Anti-fracking rally at Marsh Lane, 16th September 2017
Blog post by Deborah Smith.
On Saturday morning I was waiting to take the bus to the appropriately-named Coal Aston, just over the edge of the county border into Derbyshire. I knew I was in the right place when I spotted the SCA’s Jenny Carpenter, who had knocked up a hand-placard the night before, and stepped up for an impromptu bus-stop interview for Sheffield Live, explaining calmly and persuasively the dangers of fracking – the fossil fuel industry’s dirty, dangerous, untested last-gasp.
Off the bus, I met up with Janet Milton, who’d brought the South Yorkshire Fossil Free banner with her – big, bright, and orange. As we marched the two miles to the proposed fracking site itself, a field in the village of Marsh Lane, we were encouraged by the many passing drivers enthusiastically honking their horns, waving and giving us the thumbs up – no negative response at all.
There were three marches altogether, the other two from Eckington and Mosborough, and by 2pm hundreds of people had converged on the field where INEOS has applied for permission to dig a exploration well for shale gas fracking. Alongside representatives from Friends of the Earth, Chesterfield Climate Alliance, and Green Party councillors were countless local people who had turned out in protest at this threat to their quality of living, their health and that of the beautiful countryside around us. When asked if they lived nearby, though, many added that they were horrified by the idea of fracking happening anywhere, not just in their own ‘backyard’ (and plenty were eager to sign our petition, calling for South Yorkshire Pension Authority to divest their fund from fossil fuels).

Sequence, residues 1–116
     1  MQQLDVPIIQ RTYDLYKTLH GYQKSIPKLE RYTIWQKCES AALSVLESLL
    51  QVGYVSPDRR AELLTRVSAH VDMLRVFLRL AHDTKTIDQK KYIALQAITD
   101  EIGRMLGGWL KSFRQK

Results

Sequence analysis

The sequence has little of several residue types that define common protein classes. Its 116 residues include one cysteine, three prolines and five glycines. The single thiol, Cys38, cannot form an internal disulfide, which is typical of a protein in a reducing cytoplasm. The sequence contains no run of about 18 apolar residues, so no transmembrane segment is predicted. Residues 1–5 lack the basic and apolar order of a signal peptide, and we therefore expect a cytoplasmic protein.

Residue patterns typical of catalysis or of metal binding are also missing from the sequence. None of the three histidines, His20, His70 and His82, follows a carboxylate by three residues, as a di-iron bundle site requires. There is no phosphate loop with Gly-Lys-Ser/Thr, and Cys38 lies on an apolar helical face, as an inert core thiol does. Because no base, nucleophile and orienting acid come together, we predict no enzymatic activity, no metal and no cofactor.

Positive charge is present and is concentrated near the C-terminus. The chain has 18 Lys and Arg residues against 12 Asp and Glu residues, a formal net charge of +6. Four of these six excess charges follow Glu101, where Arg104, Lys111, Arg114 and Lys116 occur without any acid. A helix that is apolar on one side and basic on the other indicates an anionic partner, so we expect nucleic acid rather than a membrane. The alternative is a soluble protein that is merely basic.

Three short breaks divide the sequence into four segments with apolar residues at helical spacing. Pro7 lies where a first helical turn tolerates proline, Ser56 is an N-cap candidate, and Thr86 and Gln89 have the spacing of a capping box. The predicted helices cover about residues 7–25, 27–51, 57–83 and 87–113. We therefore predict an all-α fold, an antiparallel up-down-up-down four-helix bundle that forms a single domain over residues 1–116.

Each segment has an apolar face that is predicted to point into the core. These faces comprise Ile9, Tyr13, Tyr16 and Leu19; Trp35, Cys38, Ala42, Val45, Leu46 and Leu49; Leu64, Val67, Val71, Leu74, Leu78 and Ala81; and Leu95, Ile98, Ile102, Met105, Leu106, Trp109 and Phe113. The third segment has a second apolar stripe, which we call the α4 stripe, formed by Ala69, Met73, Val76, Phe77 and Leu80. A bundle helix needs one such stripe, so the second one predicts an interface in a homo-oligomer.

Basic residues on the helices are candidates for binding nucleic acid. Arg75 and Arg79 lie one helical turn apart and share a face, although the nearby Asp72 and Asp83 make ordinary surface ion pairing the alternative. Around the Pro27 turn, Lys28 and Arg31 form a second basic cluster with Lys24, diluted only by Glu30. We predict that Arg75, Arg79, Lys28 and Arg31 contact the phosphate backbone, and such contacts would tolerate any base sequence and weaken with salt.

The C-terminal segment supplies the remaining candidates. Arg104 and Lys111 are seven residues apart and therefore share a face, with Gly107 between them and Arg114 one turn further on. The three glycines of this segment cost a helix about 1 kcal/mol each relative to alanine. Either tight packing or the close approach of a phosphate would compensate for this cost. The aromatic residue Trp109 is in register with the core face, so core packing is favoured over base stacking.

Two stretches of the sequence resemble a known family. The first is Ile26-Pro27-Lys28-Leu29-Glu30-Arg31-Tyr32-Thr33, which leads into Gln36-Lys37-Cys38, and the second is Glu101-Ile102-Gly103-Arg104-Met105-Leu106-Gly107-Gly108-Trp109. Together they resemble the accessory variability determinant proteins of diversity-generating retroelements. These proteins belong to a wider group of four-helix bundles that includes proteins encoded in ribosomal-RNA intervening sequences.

It was heartening to see how many had made the trek from other proposed fracking sites much further afield. Among the speeches was a letter from a woman currently involved in the blockade at Kirby Misperton in Ryedale, North Yorkshire – a warm-hearted paean to the importance of cake for any kind of community solidarity.
The speeches were rounded off by a rousing chorus from the Sheffield Socialist Choir – who will also be performing in Sheffield city centre for Friends of the Earth’s International Day of Action, coming up on 14th October.